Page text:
Calculate space requirements under a canopy
Especially in the cold and wet seasons, the question arises whether already existing shelters for passengers, customers and employees are sufficient or whether investments should be made in new stops or shelters. To be able to calculate the need, we propose a basis of calculation.
The need for space has always been a matter of personal space. After all, it’s uncomfortable to have to squeeze into a small space. The Covid epidemic has also shown that protection against infection by maintaining a minimum distance between people who encounter each other also plays an important role.
So how do you find out if there is enough weather-protected space for everyone? How many people can comfortably fit under a bus shelter or canopy? A DIN standard for public transport can be used for the calculation. The advantage of this is that both accessibility and distance requirements can be implemented.
Accessibility as a benchmark
Disabilities are manifold and much more widespread than many people think: According to the Road and Transportation Research Association (FGSV), almost one in three citizens can be counted among the group of people with limited mobility and disabilities at least some of the time. Accessibility does not only concern people with permanent sensory, mental or motor impairments: The elderly, parents with small children, or people returning from a skiing vacation with luggage, a stroller, or a cast on their leg can also be limited in their mobility.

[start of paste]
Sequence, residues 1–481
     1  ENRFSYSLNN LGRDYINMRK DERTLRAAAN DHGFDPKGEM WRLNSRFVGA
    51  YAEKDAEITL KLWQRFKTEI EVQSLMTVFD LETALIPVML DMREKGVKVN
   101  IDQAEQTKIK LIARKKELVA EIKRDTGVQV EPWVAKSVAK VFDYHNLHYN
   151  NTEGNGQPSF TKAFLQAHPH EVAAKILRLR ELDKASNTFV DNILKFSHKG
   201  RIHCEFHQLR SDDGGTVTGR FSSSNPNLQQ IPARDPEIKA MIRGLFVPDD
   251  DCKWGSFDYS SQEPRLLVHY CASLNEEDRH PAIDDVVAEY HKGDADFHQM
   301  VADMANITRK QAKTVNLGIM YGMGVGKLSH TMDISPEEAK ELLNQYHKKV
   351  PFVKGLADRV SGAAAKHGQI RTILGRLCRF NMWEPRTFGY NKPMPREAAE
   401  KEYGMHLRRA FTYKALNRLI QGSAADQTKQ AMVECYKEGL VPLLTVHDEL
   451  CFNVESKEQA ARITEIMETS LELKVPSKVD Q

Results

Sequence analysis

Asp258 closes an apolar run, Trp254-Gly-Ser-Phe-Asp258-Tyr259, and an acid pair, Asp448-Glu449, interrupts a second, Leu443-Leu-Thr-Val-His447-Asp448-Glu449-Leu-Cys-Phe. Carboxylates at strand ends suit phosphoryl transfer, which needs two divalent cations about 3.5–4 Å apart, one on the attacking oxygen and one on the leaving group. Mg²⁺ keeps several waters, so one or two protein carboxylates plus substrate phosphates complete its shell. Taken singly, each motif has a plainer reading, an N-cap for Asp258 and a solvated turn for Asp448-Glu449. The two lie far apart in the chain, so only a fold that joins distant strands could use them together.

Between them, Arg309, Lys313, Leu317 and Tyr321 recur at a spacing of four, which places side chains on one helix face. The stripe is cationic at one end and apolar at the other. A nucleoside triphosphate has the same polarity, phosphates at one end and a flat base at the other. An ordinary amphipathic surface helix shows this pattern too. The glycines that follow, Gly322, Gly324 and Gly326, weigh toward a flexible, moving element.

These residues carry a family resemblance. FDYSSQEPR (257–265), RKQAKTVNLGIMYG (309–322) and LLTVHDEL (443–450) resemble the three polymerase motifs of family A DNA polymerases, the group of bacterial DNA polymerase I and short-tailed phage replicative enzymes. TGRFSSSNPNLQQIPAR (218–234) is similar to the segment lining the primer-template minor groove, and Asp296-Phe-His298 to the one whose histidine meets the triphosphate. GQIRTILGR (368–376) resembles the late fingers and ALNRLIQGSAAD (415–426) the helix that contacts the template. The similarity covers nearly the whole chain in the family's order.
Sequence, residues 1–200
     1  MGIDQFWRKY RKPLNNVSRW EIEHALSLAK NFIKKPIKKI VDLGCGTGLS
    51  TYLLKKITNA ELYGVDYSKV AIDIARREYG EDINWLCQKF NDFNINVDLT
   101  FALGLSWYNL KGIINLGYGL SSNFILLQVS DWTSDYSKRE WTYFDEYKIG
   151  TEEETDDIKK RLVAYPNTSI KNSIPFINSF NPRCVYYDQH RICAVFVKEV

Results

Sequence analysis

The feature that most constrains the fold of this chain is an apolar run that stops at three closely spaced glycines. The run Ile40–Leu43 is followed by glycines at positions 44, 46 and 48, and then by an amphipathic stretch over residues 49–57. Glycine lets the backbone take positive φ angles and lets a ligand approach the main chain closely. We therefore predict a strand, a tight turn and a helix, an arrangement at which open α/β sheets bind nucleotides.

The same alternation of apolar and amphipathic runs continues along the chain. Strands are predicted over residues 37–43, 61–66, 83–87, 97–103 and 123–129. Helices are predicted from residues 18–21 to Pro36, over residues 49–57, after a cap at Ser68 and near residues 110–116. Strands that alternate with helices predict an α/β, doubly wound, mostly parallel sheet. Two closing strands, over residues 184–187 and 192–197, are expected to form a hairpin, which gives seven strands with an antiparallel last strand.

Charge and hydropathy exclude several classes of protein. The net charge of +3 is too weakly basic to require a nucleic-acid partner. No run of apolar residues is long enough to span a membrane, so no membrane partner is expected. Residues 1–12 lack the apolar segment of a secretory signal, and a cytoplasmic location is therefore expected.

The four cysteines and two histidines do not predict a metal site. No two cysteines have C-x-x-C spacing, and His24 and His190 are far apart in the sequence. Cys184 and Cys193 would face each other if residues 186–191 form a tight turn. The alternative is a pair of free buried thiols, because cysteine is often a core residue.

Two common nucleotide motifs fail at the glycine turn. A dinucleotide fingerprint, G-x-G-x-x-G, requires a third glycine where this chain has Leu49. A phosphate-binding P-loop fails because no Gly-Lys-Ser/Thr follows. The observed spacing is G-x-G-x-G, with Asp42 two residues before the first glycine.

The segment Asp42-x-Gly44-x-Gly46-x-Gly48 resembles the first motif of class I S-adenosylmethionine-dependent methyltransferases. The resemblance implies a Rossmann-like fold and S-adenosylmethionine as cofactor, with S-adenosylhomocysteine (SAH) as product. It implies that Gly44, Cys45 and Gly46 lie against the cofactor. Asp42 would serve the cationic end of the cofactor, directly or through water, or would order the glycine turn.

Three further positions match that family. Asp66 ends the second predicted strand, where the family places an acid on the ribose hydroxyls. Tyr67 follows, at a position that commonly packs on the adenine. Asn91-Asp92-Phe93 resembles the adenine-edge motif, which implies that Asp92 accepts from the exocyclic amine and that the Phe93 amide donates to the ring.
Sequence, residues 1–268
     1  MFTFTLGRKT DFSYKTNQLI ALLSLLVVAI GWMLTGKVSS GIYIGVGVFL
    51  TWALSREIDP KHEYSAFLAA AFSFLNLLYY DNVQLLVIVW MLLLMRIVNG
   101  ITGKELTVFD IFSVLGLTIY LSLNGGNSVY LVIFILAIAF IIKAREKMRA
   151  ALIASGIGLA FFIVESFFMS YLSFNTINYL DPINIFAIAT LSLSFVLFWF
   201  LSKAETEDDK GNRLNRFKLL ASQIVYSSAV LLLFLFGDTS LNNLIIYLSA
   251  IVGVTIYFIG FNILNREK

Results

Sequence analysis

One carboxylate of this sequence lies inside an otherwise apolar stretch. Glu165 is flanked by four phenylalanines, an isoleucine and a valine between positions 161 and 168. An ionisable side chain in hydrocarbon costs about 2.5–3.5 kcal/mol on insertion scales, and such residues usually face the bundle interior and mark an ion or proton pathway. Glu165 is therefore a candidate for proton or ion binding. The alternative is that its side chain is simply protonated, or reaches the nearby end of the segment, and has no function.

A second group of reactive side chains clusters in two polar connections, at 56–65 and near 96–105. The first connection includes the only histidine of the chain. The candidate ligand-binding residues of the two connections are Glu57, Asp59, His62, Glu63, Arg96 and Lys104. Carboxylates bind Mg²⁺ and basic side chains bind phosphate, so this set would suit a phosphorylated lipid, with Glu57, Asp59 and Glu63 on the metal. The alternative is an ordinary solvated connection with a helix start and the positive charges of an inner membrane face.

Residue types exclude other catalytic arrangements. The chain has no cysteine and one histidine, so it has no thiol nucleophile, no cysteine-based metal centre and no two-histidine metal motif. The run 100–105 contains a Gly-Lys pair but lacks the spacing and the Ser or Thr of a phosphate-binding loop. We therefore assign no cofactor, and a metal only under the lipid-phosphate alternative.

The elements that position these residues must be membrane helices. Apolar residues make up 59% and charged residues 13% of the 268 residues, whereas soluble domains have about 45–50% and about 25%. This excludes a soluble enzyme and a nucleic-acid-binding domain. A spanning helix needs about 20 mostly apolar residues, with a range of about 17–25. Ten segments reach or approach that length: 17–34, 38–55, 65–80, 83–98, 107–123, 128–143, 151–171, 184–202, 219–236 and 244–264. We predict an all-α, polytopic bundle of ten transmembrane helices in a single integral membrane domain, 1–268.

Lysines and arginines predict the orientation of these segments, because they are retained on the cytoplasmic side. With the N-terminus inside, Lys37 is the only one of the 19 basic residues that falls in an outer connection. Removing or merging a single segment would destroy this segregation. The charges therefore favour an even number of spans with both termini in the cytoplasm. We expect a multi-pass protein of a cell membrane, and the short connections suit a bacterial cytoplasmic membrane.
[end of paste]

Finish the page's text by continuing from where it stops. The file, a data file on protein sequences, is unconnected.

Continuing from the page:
DIN 18040-3 specifies the following for the space and area requirements for mobility-impaired people at public transport stops: wheelchair users should have at least 1.8 m of space to meet other waiting passengers and at least 1.5 m for a change of direction. The required potential movement radius of 1.8 m is slightly above the safe distance recommended to prevent contagions such as influenza or COVID-19, and thus represents the minimum space requirement for people who spend time in ventilated buildings such as bus stops and smoking shelters. This ensures accessibility and the required minimum distance for infection control in equal measure.
How many people can fit inside?
A minimum distance of 1.8 m results if you imagine a circle with a diameter of 0.9 m around each of the two persons, which touch but do not intersect. This would result in a minimum area of 2.5m2 that must be available per person. However, this necessary area is reduced, for example, when a person stands in the corner of the canopy. It then needs only a quarter of this area, i.e. 0.6m2. If, on the other hand, it is positioned centrally against the rear wall, the required area is halved to 1.25m2.
Our proposal is to take the average of these space requirements, which is 1.45m2. So rounded up, we recommend to calculate with 1.5m2 of covered floor space per person. This value can be used to ensure that both infection control and DIN 18040-3 are taken into account and that the people using the shelter feel comfortable.